U.S. soccer equal pay agreement proves long overdue

Despite higher levels of success and bringing in more revenue, the USWNT received significantly less bonuses for friendlies against top-tier opponents, as well as less pay per player for each exhibition game.

Graphic by Nina Jones ’24

Despite higher levels of success and bringing in more revenue, the USWNT received significantly less bonuses for friendlies against top-tier opponents, as well as less pay per player for each exhibition game.

The fight for equal pay has been an exhausting and long process for players on the U.S. women’s national soccer team (USWNT). However, the historic signing of a new collective bargaining agreement (CBA) marks a major turning point for the future of women’s sports. Representatives of the U.S. womens and mens national team along with the U.S. soccer federation officially signed the CBA following the USWNTs 2-1 win against Nigeria on Tuesday, Sept. 6.

The major terms of the CBA include equalization of FIFA World Cup prize money, identical appearance fees, commercial revenue share and equal working conditions. Prior to this agreement, there were many instances where the men were unfairly paid more. The USMNT has consistently enjoyed significantly higher bonuses than the USWNT. They received $9.38 million for every World Cup win compared to $2.5 million that the women received. For friendly games, the USWNT would receive a $8.5 thousand bonus against top-tier opponents, while the USMNT would receive $17.6 thousand.

Nike said in its earnings report that the women’s 2019 stadium home jersey is now the No. 1-selling soccer jersey, men’s or women’s, ever sold on Nike.com in one season”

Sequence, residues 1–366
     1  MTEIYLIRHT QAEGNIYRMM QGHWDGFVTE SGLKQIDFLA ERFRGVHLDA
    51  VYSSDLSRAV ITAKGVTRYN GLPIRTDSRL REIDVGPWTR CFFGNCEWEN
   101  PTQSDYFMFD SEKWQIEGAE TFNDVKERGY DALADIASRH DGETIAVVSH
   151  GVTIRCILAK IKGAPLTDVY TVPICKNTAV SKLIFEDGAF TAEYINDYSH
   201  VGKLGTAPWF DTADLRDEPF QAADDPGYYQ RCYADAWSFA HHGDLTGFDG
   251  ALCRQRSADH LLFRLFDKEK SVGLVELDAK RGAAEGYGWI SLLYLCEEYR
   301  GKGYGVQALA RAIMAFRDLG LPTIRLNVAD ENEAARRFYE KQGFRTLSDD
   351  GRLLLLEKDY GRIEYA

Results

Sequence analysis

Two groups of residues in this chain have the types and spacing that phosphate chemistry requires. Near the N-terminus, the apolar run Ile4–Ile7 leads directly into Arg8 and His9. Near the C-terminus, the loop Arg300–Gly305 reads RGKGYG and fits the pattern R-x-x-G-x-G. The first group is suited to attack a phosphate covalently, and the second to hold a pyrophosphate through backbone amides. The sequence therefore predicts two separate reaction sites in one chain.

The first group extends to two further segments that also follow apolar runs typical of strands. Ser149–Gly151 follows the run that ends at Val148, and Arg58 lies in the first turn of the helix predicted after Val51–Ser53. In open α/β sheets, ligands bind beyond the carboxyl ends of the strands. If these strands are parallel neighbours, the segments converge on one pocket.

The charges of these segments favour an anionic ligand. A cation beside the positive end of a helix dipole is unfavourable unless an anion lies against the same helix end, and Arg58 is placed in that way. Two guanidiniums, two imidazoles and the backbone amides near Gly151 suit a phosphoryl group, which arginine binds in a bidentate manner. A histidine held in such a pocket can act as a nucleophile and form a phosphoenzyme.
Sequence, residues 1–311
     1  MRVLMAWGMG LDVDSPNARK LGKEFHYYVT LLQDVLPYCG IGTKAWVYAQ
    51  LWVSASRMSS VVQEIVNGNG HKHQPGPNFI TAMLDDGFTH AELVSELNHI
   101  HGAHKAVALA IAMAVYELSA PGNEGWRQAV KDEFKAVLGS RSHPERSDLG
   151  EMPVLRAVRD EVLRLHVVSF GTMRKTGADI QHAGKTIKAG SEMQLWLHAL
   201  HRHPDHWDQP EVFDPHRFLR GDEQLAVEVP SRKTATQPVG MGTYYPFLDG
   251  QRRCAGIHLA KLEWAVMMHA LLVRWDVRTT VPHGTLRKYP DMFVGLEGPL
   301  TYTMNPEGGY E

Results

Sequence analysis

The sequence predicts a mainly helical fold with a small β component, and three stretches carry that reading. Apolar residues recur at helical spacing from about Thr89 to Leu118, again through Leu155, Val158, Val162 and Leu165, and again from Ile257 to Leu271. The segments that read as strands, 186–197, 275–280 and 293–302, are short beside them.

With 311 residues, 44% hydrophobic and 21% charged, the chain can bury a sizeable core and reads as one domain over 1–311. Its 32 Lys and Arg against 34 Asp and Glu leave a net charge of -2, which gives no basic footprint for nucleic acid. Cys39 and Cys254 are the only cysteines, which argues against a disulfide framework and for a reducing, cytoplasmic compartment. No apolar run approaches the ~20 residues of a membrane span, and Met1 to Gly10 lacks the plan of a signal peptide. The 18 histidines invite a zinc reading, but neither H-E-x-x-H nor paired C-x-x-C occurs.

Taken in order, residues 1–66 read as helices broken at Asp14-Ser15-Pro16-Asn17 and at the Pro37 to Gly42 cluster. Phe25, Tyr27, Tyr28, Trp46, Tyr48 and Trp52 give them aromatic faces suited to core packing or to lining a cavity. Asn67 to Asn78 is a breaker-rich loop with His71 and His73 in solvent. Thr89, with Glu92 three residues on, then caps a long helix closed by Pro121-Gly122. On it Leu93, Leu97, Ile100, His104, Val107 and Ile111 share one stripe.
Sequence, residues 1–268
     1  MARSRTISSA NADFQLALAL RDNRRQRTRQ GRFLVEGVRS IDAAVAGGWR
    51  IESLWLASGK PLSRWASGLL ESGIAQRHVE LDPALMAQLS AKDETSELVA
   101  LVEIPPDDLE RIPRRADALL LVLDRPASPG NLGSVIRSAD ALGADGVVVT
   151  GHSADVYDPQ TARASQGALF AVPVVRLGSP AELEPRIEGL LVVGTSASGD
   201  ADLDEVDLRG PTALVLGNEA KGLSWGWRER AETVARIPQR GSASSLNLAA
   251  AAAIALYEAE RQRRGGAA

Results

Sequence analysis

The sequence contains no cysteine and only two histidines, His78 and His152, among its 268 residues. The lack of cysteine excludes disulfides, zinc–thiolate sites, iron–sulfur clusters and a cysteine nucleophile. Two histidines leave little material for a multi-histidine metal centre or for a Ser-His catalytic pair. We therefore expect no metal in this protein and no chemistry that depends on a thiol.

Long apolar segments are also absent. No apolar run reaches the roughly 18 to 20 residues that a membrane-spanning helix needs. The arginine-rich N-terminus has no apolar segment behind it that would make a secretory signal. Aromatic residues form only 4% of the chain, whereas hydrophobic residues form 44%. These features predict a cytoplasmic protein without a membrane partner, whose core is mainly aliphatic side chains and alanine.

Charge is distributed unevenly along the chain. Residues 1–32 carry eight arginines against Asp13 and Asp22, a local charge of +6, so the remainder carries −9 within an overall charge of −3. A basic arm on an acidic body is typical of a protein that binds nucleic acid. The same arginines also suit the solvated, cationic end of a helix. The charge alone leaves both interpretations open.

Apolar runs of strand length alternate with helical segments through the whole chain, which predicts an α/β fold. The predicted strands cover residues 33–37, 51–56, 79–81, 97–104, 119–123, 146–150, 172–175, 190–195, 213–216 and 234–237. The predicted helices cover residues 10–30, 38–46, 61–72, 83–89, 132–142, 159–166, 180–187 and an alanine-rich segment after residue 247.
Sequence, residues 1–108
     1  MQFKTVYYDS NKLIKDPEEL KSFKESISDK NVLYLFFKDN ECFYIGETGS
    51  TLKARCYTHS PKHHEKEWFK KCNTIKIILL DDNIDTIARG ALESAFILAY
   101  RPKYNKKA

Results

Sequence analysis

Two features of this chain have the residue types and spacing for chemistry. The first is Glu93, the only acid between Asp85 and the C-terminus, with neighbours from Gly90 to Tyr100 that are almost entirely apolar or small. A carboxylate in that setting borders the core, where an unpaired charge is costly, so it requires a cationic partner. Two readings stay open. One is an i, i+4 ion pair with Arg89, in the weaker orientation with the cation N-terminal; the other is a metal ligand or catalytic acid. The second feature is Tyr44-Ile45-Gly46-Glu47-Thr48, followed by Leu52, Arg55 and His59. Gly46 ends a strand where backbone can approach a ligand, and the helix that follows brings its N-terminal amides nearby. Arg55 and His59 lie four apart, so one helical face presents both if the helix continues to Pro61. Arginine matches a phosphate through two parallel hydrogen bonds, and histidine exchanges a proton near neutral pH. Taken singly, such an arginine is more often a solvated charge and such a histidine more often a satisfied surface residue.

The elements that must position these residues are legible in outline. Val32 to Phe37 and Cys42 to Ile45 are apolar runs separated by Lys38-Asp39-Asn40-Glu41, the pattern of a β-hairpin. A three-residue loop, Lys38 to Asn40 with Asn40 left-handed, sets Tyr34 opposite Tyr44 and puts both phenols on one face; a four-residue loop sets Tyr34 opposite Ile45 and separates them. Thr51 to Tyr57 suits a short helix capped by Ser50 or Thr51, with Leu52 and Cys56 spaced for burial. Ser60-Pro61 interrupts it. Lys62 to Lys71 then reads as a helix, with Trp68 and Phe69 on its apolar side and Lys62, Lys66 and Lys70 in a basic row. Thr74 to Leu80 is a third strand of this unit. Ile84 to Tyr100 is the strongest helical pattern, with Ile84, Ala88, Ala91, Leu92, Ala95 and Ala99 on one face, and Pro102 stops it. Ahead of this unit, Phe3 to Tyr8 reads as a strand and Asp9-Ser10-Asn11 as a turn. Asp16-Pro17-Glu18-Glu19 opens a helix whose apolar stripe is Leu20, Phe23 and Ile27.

— ESPN

When it comes to U.S. soccer, there are zero reasons that women should be paid less than men. A commonly recited excuse for the disparity is that women’s sports generate less revenue than men’s sports, however, this is simply untrue. According to U.S. soccer’s audited financial statements, from 2016 to 2018, women’s games generated about $50.8 million in revenue compared with $49.9 million for the men. It doesn’t stop there. In 2019, USWNT jersey sales outperformed all U.S. soccer jerseys. According to ESPN, “Nike said in its earnings report that the women’s 2019 stadium home jersey is now the No. 1-selling soccer jersey, men’s or women’s, ever sold on Nike.com in one season.”

Additionally, compared to the U.S. men’s national team, the women’s team has proved far more successful in their record. Since their first international match in 1985, the USWNT has won four World Cup titles, four Olympic gold medals, nine Concacaf gold medals and maintains a ranking of number one in the world. Since the USMNTs first international match in 1916, they have won only seven Concacaf gold medals. This isn’t to put shame on the men’s team, but simply to point out the inequality of it all. Women are paid less not because they generate less revenue or viewers, but because of sexism.

In fact, in 2020, former United States Soccer Federation President Carlos Cordeiro resigned after receiving heavy, and well deserved, criticism for misogynistic remarks defending the inequity. Cordeiro argued that the men face more competition, which requires a higher level of skill than a female player does. This archaic thinking was the basis of the USSF argument in the gender discrimination lawsuit brought upon by the USWNT in early 2019.

This is something that many female athletes can relate to. Even as an athlete in high school, I’ve seen, heard and experienced sexism surrounding women in sports. From being told that women will never be as good as men to practicing and playing on worse fields than the boys. These inequalities are carried into almost every aspect of women’s sports, no matter the age. 

Although it may sound cliche, this CBA represents the idea that hard work does pay off. My hope is that in the future, all womens sports will be not only seen as but treated as equal and that this deal inspires others to fight for what they believe in.